For four seasons and five years, HBO's Big Love has dominated the edgy-soap-opera niche once inhabited by Six Feet Under. Having tweaked the well-worn family-drama genre to make room for Mormon fundamentalist polygamy, Big Love has become a funhouse mirror of contemporary American marriage. The show has succeeded in making the lives of a man, his three wives, and their myriad children appear almost normal.
On a recent visit home to Chicago, I sat at a neighborhood bar with three of my best girlfriends. As we sipped our drinks, I told them which sister wife they most reminded me of. Sensible Bekah was Barb, crafty Sarah was Nicki, and perky Kate was Margene. Rather than throw their drinks in my face, my friends welcomed these appellations, identifying with the sister wives as easily as they might identify with Carrie or Samantha.
The wives are so easy to relate to, in fact, that people often overlook the best part of the show: Lois Henrickson, the wizened, bug-eyed mother of patriarch Bill Henrickson. While praising Sensible, Crafty, and Perky, many miss sour, glorious Lois. Twin Peaks alumna Grace Zabriskie's performance is a revelation: whether she's wheedling, shaming someone, or lying outrageously, Lois always appears to be sucking a lemon. Her pursed lips and twitchy glower steal every scene, yet she never descends into caricature. For this, Zabriskie's empathic grotesquerie puts her in league with Peter Lorre.
Locked in an endless sadomasochistic battle with her ex-husband, Lois provides a modicum of comic relief, a harrowing cartoon with real pathos even as she endures graphic beatings. Torture aside, she is perhaps the only character on the show with any sense of irony. There's a fierce understanding and a mischievous glimmer behind her squinty eyes: like the viewer, she sees through the system she inhabits and can laugh at it from afar, no matter how horrible it might look up close.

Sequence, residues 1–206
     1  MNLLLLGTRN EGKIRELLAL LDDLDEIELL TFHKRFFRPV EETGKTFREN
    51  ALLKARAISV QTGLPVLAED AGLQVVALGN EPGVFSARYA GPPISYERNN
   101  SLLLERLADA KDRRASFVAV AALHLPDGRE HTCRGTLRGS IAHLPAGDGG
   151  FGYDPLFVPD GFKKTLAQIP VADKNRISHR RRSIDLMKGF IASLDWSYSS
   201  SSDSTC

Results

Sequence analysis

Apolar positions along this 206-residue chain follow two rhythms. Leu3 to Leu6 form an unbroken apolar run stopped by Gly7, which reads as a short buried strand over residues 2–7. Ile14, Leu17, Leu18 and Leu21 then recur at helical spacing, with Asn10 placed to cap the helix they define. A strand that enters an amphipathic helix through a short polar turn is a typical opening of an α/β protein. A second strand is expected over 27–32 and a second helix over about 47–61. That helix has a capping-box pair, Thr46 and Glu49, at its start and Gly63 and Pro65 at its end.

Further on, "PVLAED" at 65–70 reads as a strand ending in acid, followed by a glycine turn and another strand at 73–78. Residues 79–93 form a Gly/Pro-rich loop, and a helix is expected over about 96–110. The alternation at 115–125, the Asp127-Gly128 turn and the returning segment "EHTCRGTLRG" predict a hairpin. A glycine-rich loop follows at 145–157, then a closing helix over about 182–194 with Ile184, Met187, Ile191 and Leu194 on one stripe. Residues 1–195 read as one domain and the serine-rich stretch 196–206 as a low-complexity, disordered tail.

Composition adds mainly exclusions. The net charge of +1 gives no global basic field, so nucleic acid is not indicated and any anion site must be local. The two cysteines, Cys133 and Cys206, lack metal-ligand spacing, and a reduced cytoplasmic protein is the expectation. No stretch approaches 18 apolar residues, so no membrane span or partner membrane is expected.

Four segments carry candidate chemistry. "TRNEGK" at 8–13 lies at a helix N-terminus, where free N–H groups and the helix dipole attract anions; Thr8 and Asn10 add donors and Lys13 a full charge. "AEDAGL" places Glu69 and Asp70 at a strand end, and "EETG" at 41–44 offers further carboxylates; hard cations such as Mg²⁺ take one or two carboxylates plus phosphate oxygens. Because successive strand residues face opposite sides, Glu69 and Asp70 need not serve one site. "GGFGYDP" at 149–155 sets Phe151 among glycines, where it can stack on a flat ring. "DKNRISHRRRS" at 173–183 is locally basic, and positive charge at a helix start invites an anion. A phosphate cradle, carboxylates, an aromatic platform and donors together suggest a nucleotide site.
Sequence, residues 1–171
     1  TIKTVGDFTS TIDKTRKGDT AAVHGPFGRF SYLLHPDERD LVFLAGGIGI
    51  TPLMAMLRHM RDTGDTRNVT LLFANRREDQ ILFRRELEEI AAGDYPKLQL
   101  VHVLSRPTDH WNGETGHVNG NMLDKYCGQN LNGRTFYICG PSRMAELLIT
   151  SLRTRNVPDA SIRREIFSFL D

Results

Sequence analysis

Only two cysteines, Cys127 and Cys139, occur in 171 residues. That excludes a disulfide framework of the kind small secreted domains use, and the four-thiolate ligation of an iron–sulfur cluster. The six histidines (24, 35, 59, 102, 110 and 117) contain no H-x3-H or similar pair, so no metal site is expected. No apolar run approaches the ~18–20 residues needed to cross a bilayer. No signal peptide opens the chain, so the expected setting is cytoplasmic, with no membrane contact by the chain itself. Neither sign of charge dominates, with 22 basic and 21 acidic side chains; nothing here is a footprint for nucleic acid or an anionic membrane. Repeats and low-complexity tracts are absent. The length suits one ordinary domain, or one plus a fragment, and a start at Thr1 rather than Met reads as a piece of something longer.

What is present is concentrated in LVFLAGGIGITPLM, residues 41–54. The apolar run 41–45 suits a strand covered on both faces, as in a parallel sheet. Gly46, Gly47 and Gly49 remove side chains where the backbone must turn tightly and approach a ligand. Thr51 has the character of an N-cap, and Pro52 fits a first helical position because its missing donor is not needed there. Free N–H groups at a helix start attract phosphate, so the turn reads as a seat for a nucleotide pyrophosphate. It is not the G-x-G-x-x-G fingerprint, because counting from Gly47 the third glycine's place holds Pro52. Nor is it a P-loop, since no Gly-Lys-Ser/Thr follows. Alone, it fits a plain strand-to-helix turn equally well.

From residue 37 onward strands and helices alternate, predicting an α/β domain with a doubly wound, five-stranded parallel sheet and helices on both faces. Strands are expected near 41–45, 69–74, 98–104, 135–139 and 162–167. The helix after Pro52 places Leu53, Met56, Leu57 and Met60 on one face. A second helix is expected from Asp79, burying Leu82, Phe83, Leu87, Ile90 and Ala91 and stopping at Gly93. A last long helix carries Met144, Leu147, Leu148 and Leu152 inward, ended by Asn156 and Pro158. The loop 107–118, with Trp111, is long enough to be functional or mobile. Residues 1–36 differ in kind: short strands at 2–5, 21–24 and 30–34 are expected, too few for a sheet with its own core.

The new Waltons?
Lois is a product of Juniper Creek, the Mormon fundamentalist compound that Bill has tired to leave behind, but just can't shake. Here, women are only as clever and as culpable as children, and the clapboard houses are so squalid that homelessness seems almost preferable. Even the big house occupied by the Prophet is an eyesore; the tawdry midcentury décor resembles an abandoned Elks lodge.
Juniper Creek houses murderers, crooked doctors, closet queers, countless garden-variety morons, and at least one fingernail-free, incest-oriented eugenicist. Its inhabitants are a Coney Island freak show and a welcome respite from the attractive supernatural beings that dominate popular culture. Sarah Palin notwithstanding, television is woefully bereft of credible monsters. Best of all are the Greens, lawless Mexico-based Mormons who make the Grants look like the Bouviers. The first time they appear, they are cast in a sickly green light and resemble extras from a David Lynch film, or the best possible casting choices for some future adaptation of Katherine Dunne's Geek Love.
Through her facial contortions, Zabriskie hints at the unfathomable nightmares Lois must have witnessed in that place with those people. Juniper Creek is so awful that it verges on the uncanny. It is clear that Lois had to twist herself in order to survive.